Southchurch Road, Southend-on-Sea, Essex SS1
The freehold site was given in 1909 by Mr Alfred Tolhurst of Northfleet in Kent, and a temporary church built (architects Burles & Harris). The foundation stone for the permanent church (designed by the local architect Bertram R. Parkes) was laid on 25 August 1909 and the church was opened by Archbishop Bourne on 8 February 1910. The cost was £2,000. A presbytery and parish hall were built at about the same time, from designs by Burles & Harris. The church was consecrated on 13 September 1955.
The church of the Sacred Heart is designed in a simplified Gothic style which owes something to both English Norman architecture and French thirteenth-century Gothic. The walls are face with red brick laid in English bond and the roofs are covered in plain tiles. On plan, the building comprises a nave with a west porch, southwest apsidal-ended baptistery, north and south aisles and an apsidal-ended sanctuary with a sacristy on the north side. It is a clear that a northwest tower was intended but never built.
The west gable wall is flanked by chamfered buttresses which may originally have carried pinnacles. In the upper part of the wall is a stepped three-light window. Beneath are five round-headed windows, now largely obscured by the single-storey brick porch which is clearly a later addition. The apsidal-ended southwest baptistery has a brick corbel table and conical roof. On the north side where the tower was intended is a porch set in from the west front, under a lean-to roof. East of the tower and baptistery, the nave is of three aisled bays divided by pilaster strips, with stone corbel tables to both nave and aisles. The clerestory has three pairs of round-headed windows and the north aisle has a canted central bay flanked by pairs of similar windows. The apsidal sanctuary has a pair of round-headed windows high in each side wall and to further pairs in the curving end.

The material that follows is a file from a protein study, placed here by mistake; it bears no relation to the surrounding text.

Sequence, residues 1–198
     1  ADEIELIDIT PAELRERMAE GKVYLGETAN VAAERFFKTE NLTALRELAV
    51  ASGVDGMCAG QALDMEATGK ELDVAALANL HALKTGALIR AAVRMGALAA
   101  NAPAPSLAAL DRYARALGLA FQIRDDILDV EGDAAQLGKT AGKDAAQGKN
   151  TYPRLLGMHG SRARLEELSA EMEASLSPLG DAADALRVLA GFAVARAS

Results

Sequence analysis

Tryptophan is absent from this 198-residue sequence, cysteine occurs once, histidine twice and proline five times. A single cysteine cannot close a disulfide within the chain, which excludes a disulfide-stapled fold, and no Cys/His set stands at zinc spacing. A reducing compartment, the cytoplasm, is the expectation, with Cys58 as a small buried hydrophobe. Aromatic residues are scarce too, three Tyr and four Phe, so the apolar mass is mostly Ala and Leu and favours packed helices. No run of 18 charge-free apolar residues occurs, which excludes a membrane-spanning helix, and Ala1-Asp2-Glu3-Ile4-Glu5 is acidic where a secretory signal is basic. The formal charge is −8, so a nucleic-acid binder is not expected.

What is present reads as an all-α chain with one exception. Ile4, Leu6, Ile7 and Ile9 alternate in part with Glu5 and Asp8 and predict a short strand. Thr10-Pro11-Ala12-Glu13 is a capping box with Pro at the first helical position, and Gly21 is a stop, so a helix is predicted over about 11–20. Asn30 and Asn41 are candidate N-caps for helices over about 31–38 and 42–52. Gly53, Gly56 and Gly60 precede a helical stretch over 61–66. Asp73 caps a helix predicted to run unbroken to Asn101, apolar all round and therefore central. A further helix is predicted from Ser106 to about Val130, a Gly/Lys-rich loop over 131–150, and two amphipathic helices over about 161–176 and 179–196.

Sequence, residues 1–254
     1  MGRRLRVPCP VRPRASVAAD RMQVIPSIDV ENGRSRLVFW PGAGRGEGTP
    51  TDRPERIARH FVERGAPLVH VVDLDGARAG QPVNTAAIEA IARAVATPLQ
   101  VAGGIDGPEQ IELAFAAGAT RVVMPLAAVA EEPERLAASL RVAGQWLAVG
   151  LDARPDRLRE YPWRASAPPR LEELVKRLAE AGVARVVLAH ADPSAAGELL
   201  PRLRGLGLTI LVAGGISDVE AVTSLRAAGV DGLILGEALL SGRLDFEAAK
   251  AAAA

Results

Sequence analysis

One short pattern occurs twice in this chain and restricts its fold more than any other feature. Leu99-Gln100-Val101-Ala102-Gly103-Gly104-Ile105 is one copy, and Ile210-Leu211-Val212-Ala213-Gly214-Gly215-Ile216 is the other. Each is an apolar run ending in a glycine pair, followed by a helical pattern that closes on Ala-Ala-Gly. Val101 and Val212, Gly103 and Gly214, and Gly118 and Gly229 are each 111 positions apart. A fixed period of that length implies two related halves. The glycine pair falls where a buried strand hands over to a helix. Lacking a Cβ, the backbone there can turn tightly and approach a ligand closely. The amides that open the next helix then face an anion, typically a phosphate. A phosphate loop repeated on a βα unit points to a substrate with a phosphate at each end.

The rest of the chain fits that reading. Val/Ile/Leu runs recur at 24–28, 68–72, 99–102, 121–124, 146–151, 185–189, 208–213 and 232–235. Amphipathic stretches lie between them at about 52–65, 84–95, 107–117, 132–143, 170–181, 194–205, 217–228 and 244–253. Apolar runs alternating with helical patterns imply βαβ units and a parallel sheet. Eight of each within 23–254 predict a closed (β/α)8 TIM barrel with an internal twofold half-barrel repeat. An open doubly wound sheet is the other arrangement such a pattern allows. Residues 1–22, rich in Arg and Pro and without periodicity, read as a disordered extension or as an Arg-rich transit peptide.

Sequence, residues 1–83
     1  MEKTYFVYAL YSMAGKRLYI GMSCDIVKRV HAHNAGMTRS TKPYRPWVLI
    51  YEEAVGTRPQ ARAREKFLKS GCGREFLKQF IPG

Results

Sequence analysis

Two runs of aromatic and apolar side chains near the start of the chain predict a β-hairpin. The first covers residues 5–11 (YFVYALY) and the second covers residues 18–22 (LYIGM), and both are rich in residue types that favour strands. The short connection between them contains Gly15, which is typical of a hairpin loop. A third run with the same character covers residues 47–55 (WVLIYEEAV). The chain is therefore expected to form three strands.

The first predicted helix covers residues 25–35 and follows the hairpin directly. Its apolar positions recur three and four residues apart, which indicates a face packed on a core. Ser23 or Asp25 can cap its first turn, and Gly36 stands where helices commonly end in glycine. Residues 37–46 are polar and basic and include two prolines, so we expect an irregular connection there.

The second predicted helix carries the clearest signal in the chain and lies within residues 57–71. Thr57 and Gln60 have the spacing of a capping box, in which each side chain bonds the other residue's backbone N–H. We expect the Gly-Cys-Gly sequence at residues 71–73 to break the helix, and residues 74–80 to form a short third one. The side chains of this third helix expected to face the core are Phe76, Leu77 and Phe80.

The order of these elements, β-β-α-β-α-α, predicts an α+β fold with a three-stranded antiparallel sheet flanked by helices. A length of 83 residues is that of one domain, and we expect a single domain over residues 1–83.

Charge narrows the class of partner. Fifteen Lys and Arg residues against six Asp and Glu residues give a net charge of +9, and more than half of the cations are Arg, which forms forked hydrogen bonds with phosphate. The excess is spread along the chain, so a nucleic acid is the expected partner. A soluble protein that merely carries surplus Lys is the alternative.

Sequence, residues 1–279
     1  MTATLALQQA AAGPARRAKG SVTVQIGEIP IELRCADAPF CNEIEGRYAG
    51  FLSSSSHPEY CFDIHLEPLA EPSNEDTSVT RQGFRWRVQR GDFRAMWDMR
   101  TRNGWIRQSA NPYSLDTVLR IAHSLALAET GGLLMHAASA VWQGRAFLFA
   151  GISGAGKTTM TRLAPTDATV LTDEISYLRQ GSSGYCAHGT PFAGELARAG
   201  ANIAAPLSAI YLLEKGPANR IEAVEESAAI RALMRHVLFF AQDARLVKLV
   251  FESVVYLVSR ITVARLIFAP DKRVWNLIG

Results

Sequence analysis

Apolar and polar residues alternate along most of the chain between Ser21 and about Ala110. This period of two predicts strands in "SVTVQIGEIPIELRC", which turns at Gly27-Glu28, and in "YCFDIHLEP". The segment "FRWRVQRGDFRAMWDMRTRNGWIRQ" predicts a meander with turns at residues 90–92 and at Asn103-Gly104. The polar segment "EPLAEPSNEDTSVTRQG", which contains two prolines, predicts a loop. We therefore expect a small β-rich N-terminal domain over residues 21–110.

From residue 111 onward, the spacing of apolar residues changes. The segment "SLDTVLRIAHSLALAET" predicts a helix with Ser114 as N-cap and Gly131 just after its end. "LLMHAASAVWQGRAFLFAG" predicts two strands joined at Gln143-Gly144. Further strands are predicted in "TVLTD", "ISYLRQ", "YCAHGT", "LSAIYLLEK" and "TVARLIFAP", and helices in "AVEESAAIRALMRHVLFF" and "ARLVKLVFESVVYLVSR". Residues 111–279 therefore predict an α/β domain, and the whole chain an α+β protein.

Internally the church has a western organ gallery, now glazed beneath to form a vestibule. The gallery is supported on octagonal columns with four-centred arches. The nave and aisle walls are plastered and painted. The nave arcades are of three bays of brick round-headed arches on octagonal columns with scalloped capitals. Above the nave is an open timber roof with arch braces to the collars brought down onto wall posts. The aisles have lean-to roofs with purlins, struts and collars beneath the boarded ceiling. None of the windows have any internal moulding and most are clear glazed with quarries. The tall chancel arch is semicircular and rests on octagonal responds with scalloped capitals. The sanctuary is apsidal with an open timber roof. The windows set high in the wall have stained glass. The sanctuary has clearly been re-ordered. The triple-arched stone reredos on the east wall is doubtless original but the nave altar and other fittings appear to be modern.
Architect: B. R. Parkes
Original Date: 1909
Conservation Area: Yes
Listed Grade: Not Listed